Asset sale 'screwed' NZ buyers
A controversial American couple are the biggest investors in recently floated Genesis Energy - sparking angry claims the Government has been caught out "screwing the scrum" against mum and dad Kiwi buyers.
A copy of the Genesis share register compiled immediately before its stock exchange listing in April shows American pet-food barons Christopher and Leegena Weinberg held 1.05 million shares, which would have cost $1.6m. At current prices, those shares would now be worth about $1.9m - a $300,000 profit for the Weinbergs.
That large shareholding is despite allocations to thousands of ordinary New Zealanders being substantially reduced, with Labour and the Greens attacking the Government for its handling of the float.
"This government plainly govern in the interest of the wealthy few . . . and now they have allowed their own share sale to be manipulated in favour of wealthy overseas investors - and that's not fair to New Zealanders," said Labour economic spokesman David Parker.
The Weinberg's wealth appears to stem from a pet-food business called Waggin' Train. In 2007, they sold a majority stake to a private equity firm, before selling out completely in 2010.
Since 2007, Waggin' Train has been investigated by the US Food and Drug Administration over complaints dogs became ill or died after eating its Chinese-made chicken jerky treats. The FDA has reports that 5000 dogs have fallen ill, and more than 1000 had died.
The Weinbergs, who renounced US citizenship last year, were joined on the register by a who's who of wealthy investors, including interests associated with Sir Eion Edgar, Lyn Erceg, Peter Masfen, Rod Duke, Stefan Lepionka and Peter Francis, whose stakes were all at least 250,000 shares.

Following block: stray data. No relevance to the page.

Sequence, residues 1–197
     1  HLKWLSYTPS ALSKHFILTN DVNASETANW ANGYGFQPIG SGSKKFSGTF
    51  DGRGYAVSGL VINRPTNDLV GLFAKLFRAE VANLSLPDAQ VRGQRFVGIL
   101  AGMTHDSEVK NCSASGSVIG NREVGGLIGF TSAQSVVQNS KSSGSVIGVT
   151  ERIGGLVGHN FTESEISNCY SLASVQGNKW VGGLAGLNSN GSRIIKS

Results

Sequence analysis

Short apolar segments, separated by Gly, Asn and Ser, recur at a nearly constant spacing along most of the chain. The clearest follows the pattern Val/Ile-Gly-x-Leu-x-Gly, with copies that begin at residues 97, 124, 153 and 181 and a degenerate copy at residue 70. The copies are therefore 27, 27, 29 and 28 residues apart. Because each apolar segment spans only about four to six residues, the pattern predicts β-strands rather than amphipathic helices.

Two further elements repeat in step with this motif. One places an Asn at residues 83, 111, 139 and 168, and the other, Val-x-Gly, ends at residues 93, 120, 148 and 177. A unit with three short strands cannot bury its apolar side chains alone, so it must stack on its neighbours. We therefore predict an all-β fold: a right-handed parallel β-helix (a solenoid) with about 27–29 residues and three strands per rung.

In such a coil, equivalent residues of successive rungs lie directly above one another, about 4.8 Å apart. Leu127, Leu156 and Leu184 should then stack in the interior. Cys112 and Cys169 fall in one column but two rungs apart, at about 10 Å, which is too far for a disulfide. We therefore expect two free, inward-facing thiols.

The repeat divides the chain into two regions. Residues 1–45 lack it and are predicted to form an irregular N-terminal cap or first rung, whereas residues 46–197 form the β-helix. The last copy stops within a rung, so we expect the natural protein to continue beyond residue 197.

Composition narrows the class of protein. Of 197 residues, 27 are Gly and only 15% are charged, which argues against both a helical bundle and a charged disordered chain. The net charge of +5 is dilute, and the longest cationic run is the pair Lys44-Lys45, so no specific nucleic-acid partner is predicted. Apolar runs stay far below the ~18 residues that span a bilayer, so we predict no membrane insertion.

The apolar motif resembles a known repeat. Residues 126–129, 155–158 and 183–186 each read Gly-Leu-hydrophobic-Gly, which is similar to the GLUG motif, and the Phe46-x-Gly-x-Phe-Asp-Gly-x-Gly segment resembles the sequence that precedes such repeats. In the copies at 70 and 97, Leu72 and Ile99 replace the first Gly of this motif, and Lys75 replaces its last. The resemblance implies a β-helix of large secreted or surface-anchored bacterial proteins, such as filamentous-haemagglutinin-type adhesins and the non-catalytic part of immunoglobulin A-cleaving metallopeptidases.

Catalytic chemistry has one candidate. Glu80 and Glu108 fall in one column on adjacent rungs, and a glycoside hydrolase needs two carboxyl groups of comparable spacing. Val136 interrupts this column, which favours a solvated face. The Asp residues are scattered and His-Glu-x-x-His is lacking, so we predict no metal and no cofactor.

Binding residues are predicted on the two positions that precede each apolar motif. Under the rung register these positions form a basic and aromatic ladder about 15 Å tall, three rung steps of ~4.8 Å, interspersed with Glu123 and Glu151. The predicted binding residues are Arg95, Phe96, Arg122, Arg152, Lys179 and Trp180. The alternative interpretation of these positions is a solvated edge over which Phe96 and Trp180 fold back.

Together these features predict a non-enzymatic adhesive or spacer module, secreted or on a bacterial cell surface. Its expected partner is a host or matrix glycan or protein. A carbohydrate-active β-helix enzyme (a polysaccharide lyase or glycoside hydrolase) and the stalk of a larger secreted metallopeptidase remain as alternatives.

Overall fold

Greens co-leader Russel Norman said the Government had made a "big song and dance" about the float being for ordinary Kiwis. "That was always untrue. The concern was it was going to really wealthy people and companies and a lot would go offshore - and that's exactly what happened."
The popularity of the Genesis offer meant "mum and dad" investors were restricted to 3226 shares, or $5000 worth. While all investors were scaled back from their original requests, sharebrokers' clients were able to gain much larger stakes.
An industry source said it was up to brokers how they split their allocation: so if they wished, they could give bigger chunks to clients such as the Weinbergs. The source said the Mighty River Power float, where there were no stockbroker allocations, was probably fairer, but the Government had taken a more cautious approach with Genesis after the poor result of the first sale. The source said the fairest method might be to cap share applications.
Parker said the Government had "allowed the scrum to be screwed" in favour of wealthy people connected to the agents employed by the Crown to do the share floats. "There's no doubt that inequality is rising in New Zealand and this is one of the things that causes it."
Finance Minister Bill English said more than 68,000 New Zealand investors were allocated Genesis shares, making it the third-largest New Zealand share register at the stock exchange. Everyone who applied for up to 2000 shares received them and the float had exceeded the target of 85 per cent local ownership.
"In fact, Genesis was 88 per cent New Zealand-owned after the float - and less than a quarter of the share offer went to offshore institutions including [the Weinbergs]. These companies are still majority owned by New Zealand taxpayers and the Government has $4.7 billion to invest in new public assets, without having to borrow the money."
The Government owns 51 per cent of Genesis, and earned $733m from the partial sale. A Treasury spokesman said it believed the sale process was robust: "To ensure a fair and transparent process, the database with the names and other details of people applying for shares was held by the share registrar and was not accessible to officials."
Efforts to contact the Weinbergs were unsuccessful. The address given for their shareholding is also the office of Auckland law firm Cone Marshall, which specialises in advising "global families".
Sunday Star Times